The Economic Survey 2018 had rightly highlighted the immediate need of remodelling the social infrastructure for inclusive and sustainable growth. The education sector has a huge role to play in the government’s development strategy to enhance human capabilities and make India a knowledge economy. Poor results and declining standards of education have been barriers to continuity of education for most students. Further, the dropping expenditure on education in the last few years has resulted in low outcomes and limited improvement in quality. However, the positive story that comes out of this year’s Budget is the government recognises and has addressed the challenges facing the sector. A significant budgetary allocation to improve the education infrastructure augurs well for learners. The Budget focuses on creating job opportunities for the increasing young population to augment economic progress. For me, the three major takeaways from the Budget are the increased focus on learning outcomes, enabling the ecosystem with technology intervention, and teacher training. Digital India was launched with a vision to transform the country into a “digitally empowered society and knowledge economy.” Various companies have leveraged technology to empower students, offer skill development programmes, and use it to reach out to teachers and youth across the country. With this Budget, the government has again emphasised more use of technology on movement from traditional blackboards to digital boards, which will offer enhanced learning experience to a large number of students. We are confident that the promotion of digital platforms and use of technology will increase reach, and ensure digital learning, heightened innovation in schools and map learning outcomes with school curricula.
Another significant step in the Budget was the importance given to improving the quality of teachers, including measures such as an integrated BEd programme for teachers. Training and workshops will enable teachers adopt newer methods and technologies; this will lead to improvements in the education system. Teachers need to be trained to detect learning difficulties early and use appropriate strategies to tackle these difficulties. Providing children with learning materials to evaluate their own progress, and training teachers to support their use, can help children make great strides in learning. Though efforts have been made by the government in the past, but the acknowledgement of the importance of teacher training, and specific and distinct plans have been brought in this Budget. There is no denying that a robust education system leads to economic growth; other advantages include a better functioning government and healthier people. But while outlay for education has been increased, is it enough? The speed at which we are moving towards digitalisation and automation, will it be adequate for long-term growth? Certainly there is a will to deliver results, but it is also time to redouble our efforts. We must set targets for education and take steps to achieve those. The structural issues in India’s higher education system are the root cause behind the demand-supply gap in the skill market. Private institutes, which account for two-thirds of higher education institutes in India, provide good education, yet there are major barriers for these institutions at all levels—entry, operations and exit.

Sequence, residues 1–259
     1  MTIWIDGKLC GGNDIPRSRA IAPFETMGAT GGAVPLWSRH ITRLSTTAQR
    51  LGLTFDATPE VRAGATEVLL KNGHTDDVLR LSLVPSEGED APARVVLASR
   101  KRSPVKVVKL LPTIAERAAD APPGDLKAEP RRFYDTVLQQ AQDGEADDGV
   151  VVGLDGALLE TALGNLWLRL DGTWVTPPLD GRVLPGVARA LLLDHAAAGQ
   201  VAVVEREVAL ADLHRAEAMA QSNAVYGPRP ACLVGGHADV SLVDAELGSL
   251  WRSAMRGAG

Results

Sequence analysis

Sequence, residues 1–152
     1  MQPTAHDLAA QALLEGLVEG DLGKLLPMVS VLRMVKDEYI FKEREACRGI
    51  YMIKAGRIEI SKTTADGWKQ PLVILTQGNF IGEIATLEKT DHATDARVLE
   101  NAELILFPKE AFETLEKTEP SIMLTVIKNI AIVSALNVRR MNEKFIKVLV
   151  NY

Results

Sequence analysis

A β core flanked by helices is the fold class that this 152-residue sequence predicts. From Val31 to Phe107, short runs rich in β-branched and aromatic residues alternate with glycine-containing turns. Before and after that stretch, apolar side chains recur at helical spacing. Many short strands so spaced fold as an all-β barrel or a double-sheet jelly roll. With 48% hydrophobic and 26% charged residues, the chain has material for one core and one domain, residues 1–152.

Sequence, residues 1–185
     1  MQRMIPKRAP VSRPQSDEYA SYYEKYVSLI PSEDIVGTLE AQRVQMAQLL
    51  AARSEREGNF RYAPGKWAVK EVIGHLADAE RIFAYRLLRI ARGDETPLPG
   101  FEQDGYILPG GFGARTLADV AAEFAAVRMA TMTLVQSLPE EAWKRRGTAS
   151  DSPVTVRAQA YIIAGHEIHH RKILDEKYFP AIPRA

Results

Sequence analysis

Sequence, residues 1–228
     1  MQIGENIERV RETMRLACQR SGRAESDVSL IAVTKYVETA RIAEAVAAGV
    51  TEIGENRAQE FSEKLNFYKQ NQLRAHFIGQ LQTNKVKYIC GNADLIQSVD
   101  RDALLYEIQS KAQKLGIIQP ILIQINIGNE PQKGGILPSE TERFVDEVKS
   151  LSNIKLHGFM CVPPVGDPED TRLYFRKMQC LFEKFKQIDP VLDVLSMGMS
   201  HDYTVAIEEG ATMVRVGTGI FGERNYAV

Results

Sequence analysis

Restrictions exist on entry of foreign universities, foreign collaboration and foreign faculty. According to FDI policy for education, a foreign entity can invest 100% in India but as a not-for-profit, and only section 25 companies with no foreign investment can invest in institutes. Relaxations on such guidelines can have foreign institutes and companies willing to invest in distance education and faculty exchange with Indian institutes. Even today, there are schools that do not have basic infrastructure. The government could create a fiscal policy with conditions to encourage investments in new schools as well as existing ones, and PPP models could be explored. Private schools can adopt government schools, so that students are comfortable in their own space. Loans at low rates of interest could be given to schools to improve infrastructure. Although the increase in education cess is a welcome move, for the long-term the government should invest in R&D that results in new models of instruction. Innovative assessment supported by data systems can guide teachers to better understand the needs of their students on a real-time basis, which, in turn, can make a dramatic difference in teaching methods and student performance.
By: Ujjwal Singh
The author is vice-president, Product & Innovation, Pearson India